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Biological Research

versión impresa ISSN 0716-9760

Biol. Res. v.42 n.3 Santiago  2009 

Biol Res 42: 289-296, 2009

Coexistence of cytotypes and chromosomal mosaicism in Hoplias malabaricus (Characiformes, Erythrinidae)



1  Departamento de Biología Geral, CCB, Universidade Estadual de Londrina. CEP 86051-990, Caixa Postal 6001, Londrina, Paraná, Brasil.
2  Departamento de Biologia Celular e Genética, Universidade Estadual de Maringá, CEP 87020-900, Caixa Postal 331, Maringá, Paraná, Brasil.
3  Departamento de Genética e Evolução, Universidade Federal de São Carlos, CEP 13565-905, Caixa Postal 676, São Carlos, São Paulo, Brasil.

Dirección para correspondencia


Karyotypes of seventeen Hoplias malabaricus specimens, collected in the fish culture station of UNOPAR (University of Northern Paraná), were analyzed. The station is in the Claro River system in the Tibagi River basin. Two distinct and coexistent karyotype forms (cytotypes) were identified, comprising either 42 chromosomes (cytotype A) or 40 chromosomes (cytotype C), both presenting metacentric and submetacentric chromosomes. In two specimens, one male and one female, it was not possible to characterize a modal diploid number because different cell lines were observed, with a predominance of 2n=41 and 2n=42 chromosomes at a frequency of 38.24% and 41.12%, respectively. The karyotype with 2n=41 showed some putative monosomic and trisomic chromosomes, while the karyotype with 2n=42 showed 21 chromosomal pairs, similar to cytotype A. RAPD analysis showed that these two specimens have the same band pro file of cytotype A (Nei's genetic identity=92%), discarding a possible hybridization between both cytotypes and supporting the mosaicism hypothesis. These findings corroborate the isolation between cytotypes A and C.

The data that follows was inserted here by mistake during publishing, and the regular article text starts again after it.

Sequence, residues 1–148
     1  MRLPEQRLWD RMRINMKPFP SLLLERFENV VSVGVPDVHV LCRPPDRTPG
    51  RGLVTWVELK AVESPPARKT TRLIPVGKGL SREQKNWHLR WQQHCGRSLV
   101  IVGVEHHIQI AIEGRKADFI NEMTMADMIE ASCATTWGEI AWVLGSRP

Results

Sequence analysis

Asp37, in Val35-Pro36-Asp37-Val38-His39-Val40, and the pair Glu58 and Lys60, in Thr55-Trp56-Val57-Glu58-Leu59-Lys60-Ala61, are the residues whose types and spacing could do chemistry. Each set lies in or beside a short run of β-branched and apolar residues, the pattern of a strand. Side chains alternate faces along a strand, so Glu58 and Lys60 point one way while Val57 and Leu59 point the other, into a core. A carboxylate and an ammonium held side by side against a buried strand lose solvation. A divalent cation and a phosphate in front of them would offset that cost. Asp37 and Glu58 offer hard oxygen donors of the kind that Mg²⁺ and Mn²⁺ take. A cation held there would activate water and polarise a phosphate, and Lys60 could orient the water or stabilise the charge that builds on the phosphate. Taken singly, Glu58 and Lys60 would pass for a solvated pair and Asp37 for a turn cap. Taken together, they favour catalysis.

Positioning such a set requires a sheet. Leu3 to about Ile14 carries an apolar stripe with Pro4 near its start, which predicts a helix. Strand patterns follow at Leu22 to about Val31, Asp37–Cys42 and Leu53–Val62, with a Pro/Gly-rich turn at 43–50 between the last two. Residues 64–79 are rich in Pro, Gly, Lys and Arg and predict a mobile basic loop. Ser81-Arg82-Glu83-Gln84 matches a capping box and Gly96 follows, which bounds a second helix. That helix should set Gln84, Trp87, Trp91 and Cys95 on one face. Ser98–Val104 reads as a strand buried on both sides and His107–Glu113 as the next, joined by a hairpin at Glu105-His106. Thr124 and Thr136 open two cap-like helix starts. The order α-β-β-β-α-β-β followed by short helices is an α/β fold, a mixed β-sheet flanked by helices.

Key terms: Hoplias malabaricus, chromosomal mosaicism, coexistence of cytotypes, RAPD, reproductive isolation.



The family Erythrinidae comprises three genera: Erythrinus, with two reported species so far (E. erythtinus and E. kessleri); Hoplerythrinus, with three species (H. unitaeniatus, H. cinereus and H. gronovii ); and Hoplias, composed of nine species and represented in Brazil by H. brasiliensis, H. lacerdae, H. macrophthalmus, H. microcephalus and H. malabaricus (Oyakawa, 2003). Although a small family, Erythrinids are taxonomically controversial, including several species lacking a precise identification.